COVID-19 has greatly impacted the United States, but local, small businesses and their employees are being affected the most. To provide support, the Coronavirus Aid, Relief and Economic Security (CARES) Act was created to help keep small business workers employed during this time.
What exactly does the CARES Act entail, and what are the important details you need to know for your business? We’re here to break it down and answer some of the most common questions you may have.
Remember, every business is unique, so be sure to look into the specific details for your business. We highly recommend that you seek appropriate advice from your accountant, lawyer or financial advisor.
What Is the CARES Act?
CARES was enacted to address the economic disruption due to COVID-19. With this, over 350 billion dollars was allocated to help small businesses during this downturn.
The largest component is known as the Paycheck Protection Program, where small businesses are able to apply for a loan that is funded by the federal government to maintain payroll for employees during this pandemic.
If businesses continue to maintain payroll during or restore their payroll after the crisis subsides, these loans may be forgiven.
Do I Qualify?
While many small businesses are eligible for the Paycheck Protection Program, there are some stipulations that must be met, including:
- Having fewer than 500 employees
- Select businesses with fewer than 1,500 employees
- Self-employed workers, sole proprietors and freelance workers
You can view a more detailed list here.
It’s important to note that the threshold of 500 employees includes all workers – full-time, part-time and any other status with your company.
What Will Lenders Look For?
After you’ve determined if your business is eligible, there are a couple other aspects to consider. When applying for the loan, lenders are asked to consider if your business was in operation before February 15, 2020 as well as if you were paying employee salaries and payroll taxes.
Here are a few items that lenders will ask you about:
- Is the loan request necessary to continue operation of your business?
- Are you using the loan to pay employees or make mortgage/lease or utility payments?
- Do you have multiple applications pending for the same purpose?
If you fall into the self-employed or sole proprietor category, lenders will also ask for specific documents, such as payroll tax filings or a 1099-MISC form. Check with your lender for specifics on what forms you need to provide.
There are also a few things that lender will NOT look for:
- You applied and were unable to obtain credit elsewhere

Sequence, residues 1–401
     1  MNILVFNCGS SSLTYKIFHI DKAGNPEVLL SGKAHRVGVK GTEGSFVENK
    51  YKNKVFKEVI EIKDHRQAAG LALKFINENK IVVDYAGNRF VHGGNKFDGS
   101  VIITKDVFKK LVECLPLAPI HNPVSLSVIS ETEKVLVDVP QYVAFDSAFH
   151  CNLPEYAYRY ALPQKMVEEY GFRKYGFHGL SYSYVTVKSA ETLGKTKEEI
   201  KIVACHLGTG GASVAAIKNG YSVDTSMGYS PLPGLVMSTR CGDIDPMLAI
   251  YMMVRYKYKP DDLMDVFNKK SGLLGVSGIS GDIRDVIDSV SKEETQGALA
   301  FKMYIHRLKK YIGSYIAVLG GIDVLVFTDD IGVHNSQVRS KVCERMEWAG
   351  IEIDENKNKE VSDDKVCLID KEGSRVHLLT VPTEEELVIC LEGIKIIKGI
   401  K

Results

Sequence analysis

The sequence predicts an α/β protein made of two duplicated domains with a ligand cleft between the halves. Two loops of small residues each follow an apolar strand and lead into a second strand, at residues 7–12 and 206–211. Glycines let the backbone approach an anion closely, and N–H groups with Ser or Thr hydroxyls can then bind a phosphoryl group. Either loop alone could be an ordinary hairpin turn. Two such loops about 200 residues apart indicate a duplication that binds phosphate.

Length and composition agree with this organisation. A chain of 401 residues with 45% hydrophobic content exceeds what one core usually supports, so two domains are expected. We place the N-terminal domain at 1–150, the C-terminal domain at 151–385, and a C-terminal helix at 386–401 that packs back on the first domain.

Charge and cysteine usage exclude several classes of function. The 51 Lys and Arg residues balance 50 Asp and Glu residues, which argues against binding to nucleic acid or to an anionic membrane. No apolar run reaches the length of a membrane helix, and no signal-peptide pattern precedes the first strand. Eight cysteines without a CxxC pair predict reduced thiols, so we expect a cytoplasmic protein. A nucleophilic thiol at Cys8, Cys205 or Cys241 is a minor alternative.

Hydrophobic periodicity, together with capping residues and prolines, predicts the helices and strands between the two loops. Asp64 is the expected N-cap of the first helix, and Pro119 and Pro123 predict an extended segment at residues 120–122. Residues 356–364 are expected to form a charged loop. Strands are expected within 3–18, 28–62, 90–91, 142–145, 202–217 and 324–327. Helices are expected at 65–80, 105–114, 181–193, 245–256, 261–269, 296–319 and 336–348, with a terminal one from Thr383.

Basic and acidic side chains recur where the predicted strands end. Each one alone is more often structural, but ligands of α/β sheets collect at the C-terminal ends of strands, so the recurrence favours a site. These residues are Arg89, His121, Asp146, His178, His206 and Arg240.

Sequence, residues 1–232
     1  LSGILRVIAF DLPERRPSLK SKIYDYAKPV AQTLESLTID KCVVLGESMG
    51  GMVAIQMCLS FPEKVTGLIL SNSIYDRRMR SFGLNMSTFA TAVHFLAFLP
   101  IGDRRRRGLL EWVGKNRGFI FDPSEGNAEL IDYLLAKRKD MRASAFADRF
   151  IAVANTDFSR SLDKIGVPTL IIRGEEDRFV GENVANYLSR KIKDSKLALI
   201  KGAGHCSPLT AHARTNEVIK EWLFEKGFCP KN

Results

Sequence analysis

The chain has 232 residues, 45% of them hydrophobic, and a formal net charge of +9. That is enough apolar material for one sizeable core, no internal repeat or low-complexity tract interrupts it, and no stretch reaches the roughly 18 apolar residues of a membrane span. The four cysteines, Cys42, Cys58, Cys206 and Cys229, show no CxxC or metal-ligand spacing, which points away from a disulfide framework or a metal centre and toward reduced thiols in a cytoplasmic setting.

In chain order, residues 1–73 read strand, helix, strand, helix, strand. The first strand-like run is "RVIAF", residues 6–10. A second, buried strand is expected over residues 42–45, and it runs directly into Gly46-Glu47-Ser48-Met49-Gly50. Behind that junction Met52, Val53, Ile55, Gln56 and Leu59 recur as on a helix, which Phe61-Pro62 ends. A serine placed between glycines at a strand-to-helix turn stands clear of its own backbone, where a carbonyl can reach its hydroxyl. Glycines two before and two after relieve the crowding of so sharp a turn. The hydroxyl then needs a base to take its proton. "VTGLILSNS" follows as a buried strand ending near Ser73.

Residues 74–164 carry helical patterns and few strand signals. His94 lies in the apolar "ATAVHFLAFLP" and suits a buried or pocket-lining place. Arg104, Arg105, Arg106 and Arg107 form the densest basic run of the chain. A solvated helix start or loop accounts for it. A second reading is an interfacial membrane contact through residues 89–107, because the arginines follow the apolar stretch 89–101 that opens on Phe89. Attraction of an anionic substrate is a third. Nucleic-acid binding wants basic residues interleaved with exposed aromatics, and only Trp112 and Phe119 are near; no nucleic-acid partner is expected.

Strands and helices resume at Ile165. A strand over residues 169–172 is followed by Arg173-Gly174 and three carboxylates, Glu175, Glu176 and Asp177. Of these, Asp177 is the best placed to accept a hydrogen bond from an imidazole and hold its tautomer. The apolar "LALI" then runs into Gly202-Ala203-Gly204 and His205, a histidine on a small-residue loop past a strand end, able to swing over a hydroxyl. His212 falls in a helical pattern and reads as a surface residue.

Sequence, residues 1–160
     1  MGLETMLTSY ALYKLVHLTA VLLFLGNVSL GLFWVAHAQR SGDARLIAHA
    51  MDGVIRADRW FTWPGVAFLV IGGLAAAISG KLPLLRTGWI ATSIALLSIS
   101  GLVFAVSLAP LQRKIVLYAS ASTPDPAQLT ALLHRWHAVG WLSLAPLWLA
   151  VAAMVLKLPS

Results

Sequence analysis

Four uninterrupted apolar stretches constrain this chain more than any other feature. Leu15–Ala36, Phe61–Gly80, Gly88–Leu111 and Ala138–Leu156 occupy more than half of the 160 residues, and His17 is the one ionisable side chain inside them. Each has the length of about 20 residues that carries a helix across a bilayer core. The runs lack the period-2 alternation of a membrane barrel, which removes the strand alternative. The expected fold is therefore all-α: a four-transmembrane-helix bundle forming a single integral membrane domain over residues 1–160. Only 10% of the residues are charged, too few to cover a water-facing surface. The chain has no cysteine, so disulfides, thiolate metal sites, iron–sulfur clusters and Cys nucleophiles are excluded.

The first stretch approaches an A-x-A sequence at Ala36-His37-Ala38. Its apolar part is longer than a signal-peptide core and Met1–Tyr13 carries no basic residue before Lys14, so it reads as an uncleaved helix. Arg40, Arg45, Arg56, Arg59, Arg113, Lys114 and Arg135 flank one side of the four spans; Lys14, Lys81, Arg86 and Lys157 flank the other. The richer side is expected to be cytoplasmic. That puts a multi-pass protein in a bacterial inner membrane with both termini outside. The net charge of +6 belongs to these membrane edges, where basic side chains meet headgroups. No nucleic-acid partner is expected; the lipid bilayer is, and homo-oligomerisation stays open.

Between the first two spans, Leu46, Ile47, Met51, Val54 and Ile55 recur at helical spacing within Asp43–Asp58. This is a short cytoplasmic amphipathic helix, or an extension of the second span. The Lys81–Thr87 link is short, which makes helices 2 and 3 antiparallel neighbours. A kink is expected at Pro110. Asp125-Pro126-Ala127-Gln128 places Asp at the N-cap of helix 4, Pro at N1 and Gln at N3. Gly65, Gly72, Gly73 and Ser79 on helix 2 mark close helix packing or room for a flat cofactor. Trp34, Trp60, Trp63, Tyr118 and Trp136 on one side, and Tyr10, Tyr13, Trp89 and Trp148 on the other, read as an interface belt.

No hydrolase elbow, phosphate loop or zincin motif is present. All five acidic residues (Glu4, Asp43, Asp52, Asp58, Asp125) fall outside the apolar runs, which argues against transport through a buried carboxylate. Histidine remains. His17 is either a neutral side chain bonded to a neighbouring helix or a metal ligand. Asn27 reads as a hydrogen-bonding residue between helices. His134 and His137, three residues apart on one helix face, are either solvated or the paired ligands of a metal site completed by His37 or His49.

- A personal guarantee is not required for the loan
- No collateral is needed
How Much Can I Borrow?
For the Paycheck Protection Program, business owners can take our loans up to 2.5 x the borrower’s average monthly payroll costs (cannot exceed $10 million).
While we can’t provide the specific number for your business, here is the basic calculation to help you determine your payroll costs:
Sum of included payroll costs – Sum of excluded payroll costs = Payroll costs
Can This Loan Be Forgiven?
We mentioned earlier that it’s possible that your loan can be forgiven! The business owner who borrowed funds can receive loan forgiveness on the following over the eight-week period starting from when the loan originated:
- Payroll costs
- Interest on mortgage or rent on a leasing agreement
- Utility payments
- For businesses who have tipped employees – additional wages paid to those employees
Keep in mind that the loan forgiveness cannot exceed the principal. Also, the loan forgiveness is reduced if the number of employees has decreased or a reduction of greater than 25 percent in wages paid to employees.
With the quick onset of COVID-19, many small businesses were afraid of what would happen to their business and employees.
Thanks to the CARES Act and the Paycheck Protection Program, many small businesses will be able to stay operational during this turbulent time.
As the days continue, remember to support your community! Whether it’s ordering takeout or sharing a post on social media, small businesses are truly the heart and soul of our community.
And if you’re a small business owner, be sure to stay calm and be patient. Help is on the way to support you!
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